“We look around us,” said Zara Yah, who runs the custom framing business with her husband. “We see nothing.”

Lou Chorney echoed that story. The owner of Colonial Trading Co. rents five floors at 41 Bromfield St., with an aim to sublet space on the empty upper levels. The Money Museum on the second floor is a passion project of his, packed with 2,700 years of history, though not a huge moneymaker. It offers occasional private tours for a suggested $250 group donation.

He sells the majority of his inventory of valuables — ancient Athenian coins, rare brooches, and signed Red Sox baseballs — online. Even then, the 50 to 70 percent dip in foot traffic, Chorney estimated, hurts sales.

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Owner Lou Chorney arranges watches for sale in the front window display case of his Colonial Trading Company on Bromfield Street. John Tlumacki/Globe Staff

“I don’t need this space one iota to do internet business,” he said of Colonial Trading Co. “I just like having somewhere people can walk in, browse the shelves, ask questions.”

Among Bromfield’s biggest losses — literally — is Marliave, the historic French-Italian haunt that seated 300 people on its busiest Saturdays. It was a restaurant, cocktail bar, and rooftop garden bundled together, with over 50 employees and a $7,000 monthly electric bill — “the pride of Bromfield” since its inception in the 1800s, according to former owner Scott Herritt. When Marliave shuttered in March 2020 and never reopened, the street lost something central to its existence.

“The whole feel of Boston isn’t the same,” added Heritt, a “city rat” who left Boston during COVID for Dover, after 30 years. “People used to walk a little faster.”

Perhaps, in an ideal world, Herritt says, he could revive Marliave and sustain the spot again on crowds looking for a bite before shows at the Orpheum Theatre. But it’s unlikely — and for now, financially impossible. The labor shortage means workers are difficult to find; the rent is too high.

“In another life,” he hopes. He dreams.

Versus, a video game arcade and restaurant on the intersection of Bromfield and Province Streets, has began to see a resurgence of office employees after 5 p.m.Barry Chin/Globe Staff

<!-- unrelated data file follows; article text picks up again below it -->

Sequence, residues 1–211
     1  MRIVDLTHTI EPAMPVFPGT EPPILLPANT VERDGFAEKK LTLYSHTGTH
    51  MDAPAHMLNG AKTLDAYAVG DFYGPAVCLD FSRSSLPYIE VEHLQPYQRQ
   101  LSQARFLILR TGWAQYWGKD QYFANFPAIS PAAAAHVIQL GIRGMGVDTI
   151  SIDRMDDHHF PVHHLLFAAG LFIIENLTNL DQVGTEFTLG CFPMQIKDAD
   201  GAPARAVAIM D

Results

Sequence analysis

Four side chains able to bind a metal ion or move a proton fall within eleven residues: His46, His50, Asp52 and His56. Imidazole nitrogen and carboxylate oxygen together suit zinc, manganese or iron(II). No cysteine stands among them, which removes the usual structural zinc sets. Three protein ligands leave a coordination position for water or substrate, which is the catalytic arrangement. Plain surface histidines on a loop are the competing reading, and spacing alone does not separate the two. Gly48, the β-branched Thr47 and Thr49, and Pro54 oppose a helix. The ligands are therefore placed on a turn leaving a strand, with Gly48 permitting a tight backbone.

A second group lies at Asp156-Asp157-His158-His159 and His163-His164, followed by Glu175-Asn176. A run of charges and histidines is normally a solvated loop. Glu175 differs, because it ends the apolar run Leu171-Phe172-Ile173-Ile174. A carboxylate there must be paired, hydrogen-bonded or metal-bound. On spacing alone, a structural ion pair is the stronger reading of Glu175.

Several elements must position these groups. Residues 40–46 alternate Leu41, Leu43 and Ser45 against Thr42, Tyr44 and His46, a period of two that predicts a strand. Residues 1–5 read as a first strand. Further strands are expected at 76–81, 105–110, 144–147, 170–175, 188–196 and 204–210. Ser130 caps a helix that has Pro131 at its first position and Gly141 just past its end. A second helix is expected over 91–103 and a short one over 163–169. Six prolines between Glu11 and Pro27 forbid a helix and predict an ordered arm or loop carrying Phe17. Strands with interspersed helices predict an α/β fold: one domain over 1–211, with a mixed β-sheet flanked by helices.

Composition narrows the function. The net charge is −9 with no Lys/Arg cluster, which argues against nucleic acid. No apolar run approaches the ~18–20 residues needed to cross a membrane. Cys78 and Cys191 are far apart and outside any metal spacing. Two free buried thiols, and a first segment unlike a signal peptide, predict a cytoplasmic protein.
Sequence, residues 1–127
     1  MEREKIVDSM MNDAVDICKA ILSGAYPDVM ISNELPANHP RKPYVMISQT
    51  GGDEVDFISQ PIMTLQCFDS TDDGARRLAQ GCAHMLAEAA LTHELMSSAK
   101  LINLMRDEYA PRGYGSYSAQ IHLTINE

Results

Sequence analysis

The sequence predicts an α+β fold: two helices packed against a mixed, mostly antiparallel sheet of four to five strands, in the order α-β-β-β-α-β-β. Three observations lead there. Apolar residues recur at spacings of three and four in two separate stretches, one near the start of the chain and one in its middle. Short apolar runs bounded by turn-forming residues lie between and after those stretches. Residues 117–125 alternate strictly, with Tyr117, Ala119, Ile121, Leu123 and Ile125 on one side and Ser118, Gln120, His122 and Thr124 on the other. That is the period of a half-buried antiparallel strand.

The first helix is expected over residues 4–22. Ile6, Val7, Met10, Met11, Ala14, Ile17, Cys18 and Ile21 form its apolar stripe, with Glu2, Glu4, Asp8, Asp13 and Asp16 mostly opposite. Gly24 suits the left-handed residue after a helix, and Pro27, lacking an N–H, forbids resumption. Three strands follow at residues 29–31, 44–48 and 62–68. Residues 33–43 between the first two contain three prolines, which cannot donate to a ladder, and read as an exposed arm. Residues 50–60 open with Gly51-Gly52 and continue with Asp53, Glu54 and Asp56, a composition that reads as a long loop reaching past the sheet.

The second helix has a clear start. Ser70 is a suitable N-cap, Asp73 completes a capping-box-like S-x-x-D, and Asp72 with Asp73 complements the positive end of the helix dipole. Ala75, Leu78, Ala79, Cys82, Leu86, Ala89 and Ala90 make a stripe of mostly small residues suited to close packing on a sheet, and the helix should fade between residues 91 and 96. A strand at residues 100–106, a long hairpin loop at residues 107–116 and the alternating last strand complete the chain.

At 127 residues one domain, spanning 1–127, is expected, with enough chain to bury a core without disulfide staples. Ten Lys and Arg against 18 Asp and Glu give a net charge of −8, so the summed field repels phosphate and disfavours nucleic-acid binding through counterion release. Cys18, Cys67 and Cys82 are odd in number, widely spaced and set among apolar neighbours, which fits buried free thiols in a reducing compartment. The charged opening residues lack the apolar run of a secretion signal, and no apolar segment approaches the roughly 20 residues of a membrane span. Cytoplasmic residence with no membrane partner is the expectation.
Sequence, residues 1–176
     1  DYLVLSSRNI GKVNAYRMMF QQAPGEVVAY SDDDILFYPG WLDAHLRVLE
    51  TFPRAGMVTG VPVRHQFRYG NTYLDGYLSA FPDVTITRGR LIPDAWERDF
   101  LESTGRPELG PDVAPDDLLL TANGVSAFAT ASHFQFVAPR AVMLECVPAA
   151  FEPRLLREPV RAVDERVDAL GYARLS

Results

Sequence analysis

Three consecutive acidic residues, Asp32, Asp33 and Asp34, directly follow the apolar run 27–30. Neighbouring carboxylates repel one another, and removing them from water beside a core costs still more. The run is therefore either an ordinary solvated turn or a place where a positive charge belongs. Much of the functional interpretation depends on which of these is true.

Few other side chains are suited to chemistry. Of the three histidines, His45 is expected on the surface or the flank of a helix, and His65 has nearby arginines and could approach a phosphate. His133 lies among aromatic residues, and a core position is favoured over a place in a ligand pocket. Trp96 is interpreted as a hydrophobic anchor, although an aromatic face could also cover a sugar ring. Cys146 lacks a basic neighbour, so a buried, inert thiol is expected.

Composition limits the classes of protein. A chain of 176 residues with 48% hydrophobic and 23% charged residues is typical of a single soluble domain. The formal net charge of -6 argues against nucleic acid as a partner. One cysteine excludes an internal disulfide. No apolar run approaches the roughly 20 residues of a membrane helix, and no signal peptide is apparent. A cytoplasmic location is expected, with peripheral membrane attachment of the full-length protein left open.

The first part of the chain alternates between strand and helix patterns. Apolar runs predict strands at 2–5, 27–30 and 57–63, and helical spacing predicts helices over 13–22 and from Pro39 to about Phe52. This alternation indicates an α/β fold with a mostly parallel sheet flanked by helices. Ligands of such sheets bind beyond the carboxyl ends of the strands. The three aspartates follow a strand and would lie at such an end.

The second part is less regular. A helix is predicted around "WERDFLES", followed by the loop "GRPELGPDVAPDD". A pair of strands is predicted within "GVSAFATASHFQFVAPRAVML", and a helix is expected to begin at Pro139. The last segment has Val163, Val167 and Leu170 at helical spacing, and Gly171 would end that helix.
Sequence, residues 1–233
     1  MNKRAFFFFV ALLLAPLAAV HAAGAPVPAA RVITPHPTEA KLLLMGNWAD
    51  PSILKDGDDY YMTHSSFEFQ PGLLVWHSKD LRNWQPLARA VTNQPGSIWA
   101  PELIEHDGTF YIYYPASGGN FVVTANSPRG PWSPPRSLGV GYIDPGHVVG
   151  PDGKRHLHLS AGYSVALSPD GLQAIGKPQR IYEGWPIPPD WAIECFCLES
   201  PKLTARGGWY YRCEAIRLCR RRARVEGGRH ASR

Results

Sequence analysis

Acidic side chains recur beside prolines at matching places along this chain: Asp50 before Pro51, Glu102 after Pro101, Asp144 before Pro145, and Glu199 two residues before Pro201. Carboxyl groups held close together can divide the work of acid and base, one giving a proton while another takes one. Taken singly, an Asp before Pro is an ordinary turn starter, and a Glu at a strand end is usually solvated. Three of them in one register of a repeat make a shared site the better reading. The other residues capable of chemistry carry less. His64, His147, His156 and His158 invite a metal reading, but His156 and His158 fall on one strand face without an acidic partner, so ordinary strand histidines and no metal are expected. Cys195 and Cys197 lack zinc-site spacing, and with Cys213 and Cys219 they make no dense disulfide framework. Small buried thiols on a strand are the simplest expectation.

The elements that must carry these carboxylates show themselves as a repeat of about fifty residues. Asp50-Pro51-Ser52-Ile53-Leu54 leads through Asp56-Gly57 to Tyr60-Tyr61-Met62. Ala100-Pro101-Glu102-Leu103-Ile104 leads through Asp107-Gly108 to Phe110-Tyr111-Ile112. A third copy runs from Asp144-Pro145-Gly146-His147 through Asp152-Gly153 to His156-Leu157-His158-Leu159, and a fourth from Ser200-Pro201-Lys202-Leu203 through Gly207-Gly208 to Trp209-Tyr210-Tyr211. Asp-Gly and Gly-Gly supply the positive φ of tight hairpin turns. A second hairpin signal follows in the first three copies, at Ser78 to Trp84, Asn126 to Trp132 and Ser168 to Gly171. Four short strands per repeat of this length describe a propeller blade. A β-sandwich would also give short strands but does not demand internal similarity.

Others, though, have fared better. Lines at Insomnia Cookie often spill out the door in the early evenings; Bromfield Jewelers is flying high, thanks to a bevy of loyal patrons; and the Silvertone Bar & Grill — complete with its backroom dance floor — is opening bar tabs again after a long COVID closure. Versus, the video arcade with pub grub on the corner of Bromfield and Province Streets, has blossomed, too, hosting spontaneous get-togethers for coworkers on a hybrid return-to-office schedule.

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“The best feeling is you open the doors and suddenly four people are playing Mario Kart and ordering a pitcher of cider,” said general manager Mike Hagan. “I see some of my customers more than I see my wife.”

But the damage to Bromfield cannot be brushed away. In addition to a smattering of retail space, floors of offices — which pre-pandemic, housed burgeoning tech startups — sit empty. Some blame the city; some blame the crime. Police have stepped up patrols after several incidents downtown, including one where a female juvenile allegedly brandished a knife and lunged at a witness at Silvertone.

Others blame developers. Most of the street is owned by five landlords, including 30,000 square feet in the hands of CRE Brokerage and the block owned by Midwood Investment & Development, which has long planned a tower at the intersection of Bromfield and Washington Streets.

Painters worked on the wall in the former location of the Nest Salon at 53 Bromfield St.John Tlumacki/Globe Staff

Its current iteration would include nearly two dozen floors of offices, an outdoor terrace, and retail on the lower levels — development that could change the feel of Bromfield forever. But Midwood chief executive John Usdan argues it would bring new life, too, not to mention 1,700 office workers.

“It’s good for safety, security, the overall environment,” he said.

The merits of the proposal aside, another longtime Bromfield landlord agrees with Usdan’s prescription for what ails their street, and the neighborhood as a whole: A lack of people. Ron Druker, a third-generation building owner with The Druker Company, said “intelligent, fair landlords” are doing what they can to support downtown in tough times.

“We have treated all our tenants appropriately. We’ve subsidized them,” he added. “The real answer is to get people back into the offices.”

Bromfield Street has more than a dozen empty storefronts. Some businesses and residents blame the landlords and the city for not keeping the street lively. Barry Chin/Globe Staff

Diti Kohli can be reached at diti.kohli@globe.com.Follow her on Twitter @ditikohli_.